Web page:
Lt. Governor candidate pays visit to Bainbridge

Published 9:28 am Monday, September 27, 2021

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Influential members of the local community gathered at the Chamber of Commerce on Wednesday afternoon for a meet & greet hosted by Senator Dean Burke; specifically, they came to meet with Butch Miller, current president pro tempore of the state Senate and a candidate for Lt. Governor in next year’s election.

“I’m uniquely qualified, in that I have served as president pro tempore,” he said. “The president pro tempore undertakes the Lt. Governor’s functions in the absence of the Lt. Governor.”

Aside from owning and managing the Milton Martin Honda dealership, Miller became a state Senator in 2010, and would go on to become chair of the State and Local Government Operations committee in 2011. He has served in various other roles since, including chairman of the Majority Caucus, and became president pro tempore in 2018.

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“I’m running because I think we’re at a crossroads,” Miller said. “I think we’re at a crossroads as a country, as a state, and as a culture. I think that there are folks that would take us off the path that we’re on. We’re on solid ground, and a solid path of success.”

Miller recounted how he met Senator Burke, his entry into the auto business and his negotiations and exploits in politics.

“I do the work I have to do to get the job done,” he said. “I try to be very non-partisan. As the pro tempore, I have to be, that’s my job, to lead the entire Senate, not just the Republicans. But if we let the Left do what they want to do, we’re going to have increased taxes, increased regulation, decreased productivity… The number one item I’ve heard all over the state… is ‘How do we get people back to work?’”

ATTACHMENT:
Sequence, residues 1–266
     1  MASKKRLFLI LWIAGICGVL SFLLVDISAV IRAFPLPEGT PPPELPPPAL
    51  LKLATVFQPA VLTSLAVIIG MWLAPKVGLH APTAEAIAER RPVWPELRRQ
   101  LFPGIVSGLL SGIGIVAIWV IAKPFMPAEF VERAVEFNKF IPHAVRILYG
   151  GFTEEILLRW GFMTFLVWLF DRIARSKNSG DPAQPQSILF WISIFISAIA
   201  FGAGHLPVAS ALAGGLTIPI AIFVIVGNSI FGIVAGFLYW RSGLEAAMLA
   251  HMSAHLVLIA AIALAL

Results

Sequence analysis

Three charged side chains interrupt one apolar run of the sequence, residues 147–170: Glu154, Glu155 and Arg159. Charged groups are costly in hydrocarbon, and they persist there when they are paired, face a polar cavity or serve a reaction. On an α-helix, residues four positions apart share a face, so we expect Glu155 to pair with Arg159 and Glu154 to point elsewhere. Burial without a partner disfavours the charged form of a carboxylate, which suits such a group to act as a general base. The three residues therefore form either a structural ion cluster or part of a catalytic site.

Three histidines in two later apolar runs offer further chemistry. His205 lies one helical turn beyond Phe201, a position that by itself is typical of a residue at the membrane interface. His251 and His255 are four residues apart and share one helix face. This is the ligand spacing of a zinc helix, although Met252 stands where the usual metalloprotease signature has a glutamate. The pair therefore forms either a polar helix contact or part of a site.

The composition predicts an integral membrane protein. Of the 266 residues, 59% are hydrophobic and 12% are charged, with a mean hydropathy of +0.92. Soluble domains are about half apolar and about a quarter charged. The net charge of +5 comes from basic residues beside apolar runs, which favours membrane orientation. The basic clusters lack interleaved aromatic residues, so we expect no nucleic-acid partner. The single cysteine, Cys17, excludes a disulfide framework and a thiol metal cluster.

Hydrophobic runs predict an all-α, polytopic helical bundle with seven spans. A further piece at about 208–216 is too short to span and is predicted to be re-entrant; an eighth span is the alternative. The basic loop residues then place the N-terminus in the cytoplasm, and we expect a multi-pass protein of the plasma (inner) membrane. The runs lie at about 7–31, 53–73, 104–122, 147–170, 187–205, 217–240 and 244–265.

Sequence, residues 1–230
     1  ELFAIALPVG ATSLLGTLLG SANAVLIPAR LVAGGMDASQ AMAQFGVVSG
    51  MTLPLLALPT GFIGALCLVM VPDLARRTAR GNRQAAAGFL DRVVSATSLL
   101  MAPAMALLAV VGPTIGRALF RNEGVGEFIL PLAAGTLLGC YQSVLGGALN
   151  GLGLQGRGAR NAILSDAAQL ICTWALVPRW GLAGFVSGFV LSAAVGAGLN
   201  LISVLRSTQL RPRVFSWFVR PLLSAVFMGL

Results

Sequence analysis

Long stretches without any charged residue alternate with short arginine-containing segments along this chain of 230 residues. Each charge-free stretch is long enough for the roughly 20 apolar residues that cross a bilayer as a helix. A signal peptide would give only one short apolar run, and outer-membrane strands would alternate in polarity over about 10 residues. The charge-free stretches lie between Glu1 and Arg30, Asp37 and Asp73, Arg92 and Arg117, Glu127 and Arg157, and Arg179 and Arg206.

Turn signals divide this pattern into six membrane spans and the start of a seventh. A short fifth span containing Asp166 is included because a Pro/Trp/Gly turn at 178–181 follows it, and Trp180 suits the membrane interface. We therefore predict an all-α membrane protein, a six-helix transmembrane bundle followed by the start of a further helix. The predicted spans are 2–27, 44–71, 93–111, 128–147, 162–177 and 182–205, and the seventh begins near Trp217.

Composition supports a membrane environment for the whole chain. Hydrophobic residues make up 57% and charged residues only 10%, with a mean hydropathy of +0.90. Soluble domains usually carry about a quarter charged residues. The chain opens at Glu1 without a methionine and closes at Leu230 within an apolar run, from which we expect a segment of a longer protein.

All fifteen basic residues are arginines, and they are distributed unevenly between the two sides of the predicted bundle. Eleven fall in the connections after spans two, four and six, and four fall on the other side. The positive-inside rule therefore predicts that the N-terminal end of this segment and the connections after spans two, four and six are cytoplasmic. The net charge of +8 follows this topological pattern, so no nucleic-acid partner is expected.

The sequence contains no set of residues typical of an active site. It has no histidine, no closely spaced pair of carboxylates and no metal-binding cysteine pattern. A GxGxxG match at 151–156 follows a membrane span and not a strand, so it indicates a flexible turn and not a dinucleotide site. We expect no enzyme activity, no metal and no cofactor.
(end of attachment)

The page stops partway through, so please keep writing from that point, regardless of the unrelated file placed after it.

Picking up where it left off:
Another issue Miller raised included rural broadband.

“Until we get rural broadband in those small communities, we will never have investments like hospitals, investments like distribution centers, manufacturing, mining, etc. … So everything south of I-20 is going to continue to have less population, and everything north of I-20 is going to have more population,” he said.

Miller also mentioned issues like healthcare, education and transportation.

“I feel very strongly about healthcare, access to healthcare and affordability of healthcare,” he said. “I also feel very strongly about education, access to education, and affordability of education, making sure that we’re training our young people and re-training our middle-aged people for the jobs of today and the jobs of tomorrow.” He continued, “We’ve got to continue to invest in transportation, because if we don’t invest in transportation, Georgia will choke on our own progress… We’ve got to have infrastructure, and that would include roads, bridges, highways, rural broadband, water, sewer, etc.”

“I’m not big on political promises, because usually, politicians don’t keep them, and people don’t listen to them. But, I’ll make you two promises: Number one, I’ll do my best to never disappoint you, and number two, nobody will work harder than I will,” Miller concluded.